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Should Jurors Who Search the Internet Should Be Punished?


MEDIA RELEASE 19 May 2014 Hon Sir Grant Hammond KNZM


Law Commission

Law Commission Asks Whether Jurors Who Search the Internet Should Be Punished

The Law Commission is seeking public feedback as part of its review of contempt of court on whether there should be a new offence to deal with jurors who search the Internet during a trial or communicate jury room deliberations through social media. This is one of the topics covered in its Issues Paper, Contempt in Modern New Zealand, which was released today.

The sentencing last year of an Auckland man called for jury service for reportedly failing to make himself available for a jury trial has highlighted for the public the issue of contempt of court by those called to serve as jurors. The Commission has examined in its Issues Paper the potential for increasing problems of contempt by jurors.

Sir Grant Hammond, President of the Commission, said the purpose of the law of contempt is to protect the integrity of the justice system and a defendant’s right to a fair trial.

“The right to trial by jury for serious offences is a cornerstone of the criminal justice system in New Zealand and something we all have an interest in protecting. It requires citizens to be available to serve on juries and to also then carry out their duties in accordance with the law.”

Judge Peter Boshier, Lead Commissioner for the review, believes that New Zealand may well begin to see the types of problems that the courts in England and Wales have had to grapple with due to jurors searching the Internet and falling foul of the law of contempt.

Judge Boshier says that the Internet and the use of social media have totally changed the way ordinary people access and disseminate information. Changes are now needed to modernise the law of contempt to better address the risks that jurors accessing material through the Internet or 2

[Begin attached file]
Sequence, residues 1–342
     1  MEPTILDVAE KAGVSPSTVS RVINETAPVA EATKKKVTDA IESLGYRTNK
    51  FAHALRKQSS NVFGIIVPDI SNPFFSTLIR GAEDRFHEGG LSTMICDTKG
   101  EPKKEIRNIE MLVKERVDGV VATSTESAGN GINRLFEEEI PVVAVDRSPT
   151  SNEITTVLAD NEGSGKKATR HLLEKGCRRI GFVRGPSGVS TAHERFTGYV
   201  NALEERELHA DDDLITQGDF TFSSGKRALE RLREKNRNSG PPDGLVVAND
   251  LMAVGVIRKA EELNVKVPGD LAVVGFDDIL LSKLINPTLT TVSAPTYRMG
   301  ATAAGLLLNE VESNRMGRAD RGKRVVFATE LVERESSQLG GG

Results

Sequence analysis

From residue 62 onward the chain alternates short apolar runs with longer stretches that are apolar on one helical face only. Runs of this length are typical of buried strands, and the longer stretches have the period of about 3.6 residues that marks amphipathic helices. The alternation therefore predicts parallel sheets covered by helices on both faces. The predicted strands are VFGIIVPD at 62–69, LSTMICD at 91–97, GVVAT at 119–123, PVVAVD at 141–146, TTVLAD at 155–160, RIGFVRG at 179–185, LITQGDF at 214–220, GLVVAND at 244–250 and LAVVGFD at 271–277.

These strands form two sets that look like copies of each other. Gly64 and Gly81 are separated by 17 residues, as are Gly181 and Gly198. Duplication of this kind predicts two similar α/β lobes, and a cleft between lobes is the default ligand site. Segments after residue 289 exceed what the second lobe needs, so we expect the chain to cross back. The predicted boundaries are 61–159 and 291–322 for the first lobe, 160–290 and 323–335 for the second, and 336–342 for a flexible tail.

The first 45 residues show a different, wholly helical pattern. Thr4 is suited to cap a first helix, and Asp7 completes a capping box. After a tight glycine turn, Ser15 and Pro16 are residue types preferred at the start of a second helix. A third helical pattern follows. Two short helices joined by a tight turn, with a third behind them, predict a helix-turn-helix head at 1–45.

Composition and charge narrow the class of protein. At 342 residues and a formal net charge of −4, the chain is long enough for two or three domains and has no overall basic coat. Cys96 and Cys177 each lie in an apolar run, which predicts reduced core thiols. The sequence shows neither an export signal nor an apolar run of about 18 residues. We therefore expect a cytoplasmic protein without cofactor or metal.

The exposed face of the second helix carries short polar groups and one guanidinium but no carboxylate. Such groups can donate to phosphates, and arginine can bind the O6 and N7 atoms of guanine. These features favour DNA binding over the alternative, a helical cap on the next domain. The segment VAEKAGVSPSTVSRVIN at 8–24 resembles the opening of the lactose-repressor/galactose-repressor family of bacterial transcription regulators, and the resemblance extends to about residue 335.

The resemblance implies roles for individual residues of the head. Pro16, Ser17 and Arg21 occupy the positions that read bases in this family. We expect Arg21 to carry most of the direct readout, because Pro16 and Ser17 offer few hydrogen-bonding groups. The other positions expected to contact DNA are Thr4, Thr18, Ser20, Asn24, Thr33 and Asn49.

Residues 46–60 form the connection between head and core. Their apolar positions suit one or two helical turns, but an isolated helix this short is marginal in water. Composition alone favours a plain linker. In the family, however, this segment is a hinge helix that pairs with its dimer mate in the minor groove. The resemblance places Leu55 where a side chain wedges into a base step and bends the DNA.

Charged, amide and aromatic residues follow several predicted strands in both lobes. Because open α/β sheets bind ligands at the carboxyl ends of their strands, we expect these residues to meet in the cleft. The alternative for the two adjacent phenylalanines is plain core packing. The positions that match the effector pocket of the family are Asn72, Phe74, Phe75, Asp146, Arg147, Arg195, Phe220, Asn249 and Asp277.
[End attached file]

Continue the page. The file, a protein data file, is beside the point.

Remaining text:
communicating through social media may pose to a defendant’s right to be fairly tried only on the evidence admitted in Court.

“We have a fairly stark choice to make. We can either come down hard in the way the English courts have on those jurors who break the rules and look for information relating to their cases on the Internet, or we can take a more proactive approach and try to steer jurors away from such conduct in a more conciliatory way.”

Judge Boshier says the Law Commission favours a proactive approach and the Issues Paper canvasses a number of possible options.

“We need to be careful about creating new offences. Punishing a citizen when he or she is undertaking a civic duty could be considered harsh, particularly where the person has simply been overzealous and looked for material on the web to try and make the right decision.”

Although the Commission suggests a statutory offence may be needed, it also proposes that the risk that jurors will see or look for material on the Internet should be more proactively managed to minimise the possibility of a juror committing such an offence.

“We are seeking input from the public on what type of approach we should take in this area.”

The Commission now welcomes any comments or submissions on the Issues Paper. The closing date for submissions is Friday 22 August 2014. The Commission intends to publish its report on the reference in the second half of 2015.

The full Issues Paper, Contempt in Modern New Zealand (IP36, 2014) is available from our website at http://www.lawcom.govt.nz/project/review-contempt-court/issues-paper.



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